Inspired by the attention surrounding J.D. Salinger’s lawsuit to block an unauthorized sequel to The Catcher in the Rye, Patrick Brown at Vroman’s has put together an impressive, involved post cataloging and discussing literary remixes.
Photographer Irina Werning's "Back to the Future" series recreated and updated various childhood portraits. Its sequel, "Back to the Future II", is just as awesome. (Note: One or two images per series are NSFW)
"Updike stopped cartooning while he was an undergraduate at Harvard. This is a factually true statement, but it ignores a larger reality. While Updike might have ceased cartooning, the visual language of comics was never far from his mind. Cartooning was an inextricable strand in his creative DNA." Jeet Heerwrites about John Updike, cartooning, fandom and "bedesque" prose for The Paris Review. Pair with James Santel's Millions essay on "The Curious Paradox of John Updike."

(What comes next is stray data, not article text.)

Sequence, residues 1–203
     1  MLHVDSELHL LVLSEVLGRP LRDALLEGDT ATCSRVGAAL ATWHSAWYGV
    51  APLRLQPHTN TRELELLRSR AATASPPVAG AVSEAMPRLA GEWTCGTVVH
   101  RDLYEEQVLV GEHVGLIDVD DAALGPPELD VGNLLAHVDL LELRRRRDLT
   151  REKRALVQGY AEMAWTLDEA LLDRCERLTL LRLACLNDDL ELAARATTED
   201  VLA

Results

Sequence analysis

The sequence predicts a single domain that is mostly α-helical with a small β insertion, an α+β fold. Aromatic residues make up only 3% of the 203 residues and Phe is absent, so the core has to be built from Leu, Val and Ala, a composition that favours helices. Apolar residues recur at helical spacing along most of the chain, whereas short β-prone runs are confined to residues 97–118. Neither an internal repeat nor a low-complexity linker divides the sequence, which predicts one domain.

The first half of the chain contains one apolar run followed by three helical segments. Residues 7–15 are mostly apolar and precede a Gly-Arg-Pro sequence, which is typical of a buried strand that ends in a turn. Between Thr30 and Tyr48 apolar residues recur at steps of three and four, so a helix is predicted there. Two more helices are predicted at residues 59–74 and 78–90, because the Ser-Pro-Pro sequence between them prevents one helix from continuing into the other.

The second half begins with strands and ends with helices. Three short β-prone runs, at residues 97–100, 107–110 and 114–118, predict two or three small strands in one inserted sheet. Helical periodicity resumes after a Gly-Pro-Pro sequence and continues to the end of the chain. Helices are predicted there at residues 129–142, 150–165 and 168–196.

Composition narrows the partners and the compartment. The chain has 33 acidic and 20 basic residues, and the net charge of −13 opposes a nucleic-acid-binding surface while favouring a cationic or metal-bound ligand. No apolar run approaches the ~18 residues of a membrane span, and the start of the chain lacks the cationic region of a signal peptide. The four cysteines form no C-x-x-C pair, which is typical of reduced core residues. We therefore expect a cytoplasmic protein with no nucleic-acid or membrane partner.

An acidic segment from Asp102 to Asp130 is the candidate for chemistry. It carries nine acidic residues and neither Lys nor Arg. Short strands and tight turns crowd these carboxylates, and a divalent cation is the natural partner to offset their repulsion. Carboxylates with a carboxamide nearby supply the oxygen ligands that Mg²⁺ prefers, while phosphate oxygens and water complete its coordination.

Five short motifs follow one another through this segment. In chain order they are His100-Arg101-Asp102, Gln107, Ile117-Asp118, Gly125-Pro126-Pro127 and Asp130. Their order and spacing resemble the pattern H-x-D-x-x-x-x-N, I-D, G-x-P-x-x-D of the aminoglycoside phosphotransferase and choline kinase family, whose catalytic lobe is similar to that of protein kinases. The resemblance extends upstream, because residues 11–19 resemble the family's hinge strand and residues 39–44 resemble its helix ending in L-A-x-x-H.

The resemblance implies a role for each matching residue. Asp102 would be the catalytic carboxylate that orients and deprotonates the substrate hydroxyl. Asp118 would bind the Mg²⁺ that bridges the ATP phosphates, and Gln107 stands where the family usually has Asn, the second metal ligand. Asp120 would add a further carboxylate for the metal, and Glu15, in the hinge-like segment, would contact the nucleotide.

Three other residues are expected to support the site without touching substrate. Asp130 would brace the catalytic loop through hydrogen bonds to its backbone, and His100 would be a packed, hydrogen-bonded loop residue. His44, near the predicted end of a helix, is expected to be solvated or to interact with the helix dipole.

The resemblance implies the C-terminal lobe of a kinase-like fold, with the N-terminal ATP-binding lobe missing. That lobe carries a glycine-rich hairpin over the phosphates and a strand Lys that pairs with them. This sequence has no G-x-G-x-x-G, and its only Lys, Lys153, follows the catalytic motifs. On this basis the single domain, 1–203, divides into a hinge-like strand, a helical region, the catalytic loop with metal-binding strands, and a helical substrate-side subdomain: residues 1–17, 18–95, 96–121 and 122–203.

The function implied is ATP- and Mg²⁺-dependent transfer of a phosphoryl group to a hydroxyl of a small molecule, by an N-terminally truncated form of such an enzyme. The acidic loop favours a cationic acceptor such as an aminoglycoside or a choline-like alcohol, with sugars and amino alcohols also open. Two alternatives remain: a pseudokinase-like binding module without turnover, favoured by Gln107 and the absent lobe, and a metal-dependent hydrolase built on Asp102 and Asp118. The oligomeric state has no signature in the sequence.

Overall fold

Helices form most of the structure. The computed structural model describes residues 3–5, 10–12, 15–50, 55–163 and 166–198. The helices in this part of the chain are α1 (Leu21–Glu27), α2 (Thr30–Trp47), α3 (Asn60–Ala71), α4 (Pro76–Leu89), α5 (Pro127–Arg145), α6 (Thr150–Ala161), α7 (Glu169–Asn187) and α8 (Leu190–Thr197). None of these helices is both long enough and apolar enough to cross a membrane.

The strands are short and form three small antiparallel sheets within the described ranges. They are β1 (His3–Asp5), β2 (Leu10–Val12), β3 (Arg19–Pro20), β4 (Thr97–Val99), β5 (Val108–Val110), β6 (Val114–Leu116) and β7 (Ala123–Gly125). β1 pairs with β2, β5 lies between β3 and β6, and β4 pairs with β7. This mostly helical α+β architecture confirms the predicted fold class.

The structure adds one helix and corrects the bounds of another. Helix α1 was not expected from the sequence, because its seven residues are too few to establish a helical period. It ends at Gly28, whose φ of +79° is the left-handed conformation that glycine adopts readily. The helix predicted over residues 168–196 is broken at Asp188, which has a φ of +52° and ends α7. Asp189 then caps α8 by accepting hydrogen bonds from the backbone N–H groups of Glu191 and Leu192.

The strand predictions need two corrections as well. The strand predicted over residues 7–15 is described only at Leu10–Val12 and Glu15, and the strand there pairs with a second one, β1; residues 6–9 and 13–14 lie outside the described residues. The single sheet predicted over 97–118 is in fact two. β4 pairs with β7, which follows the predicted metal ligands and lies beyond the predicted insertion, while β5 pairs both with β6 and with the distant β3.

Fancy a stroll? Flaneur, a new Berlin-based magazine, profiles one street per issue. It explores the culture, literature, people, and landmarks that make each street unique. The first is Berlin's Kantstrasse. Pair with: Hyperreal Cartography, a tumblr of "real maps of places that exist but don't."
Ta-Nehisi Coates wants to make America less stupid about the Civil War. He recommends five books we should all read to gain a better understanding of American history during this war and assures us that "I’ve tried to think very hard about readability, and to offer books you might actually complete." So no excuses, start here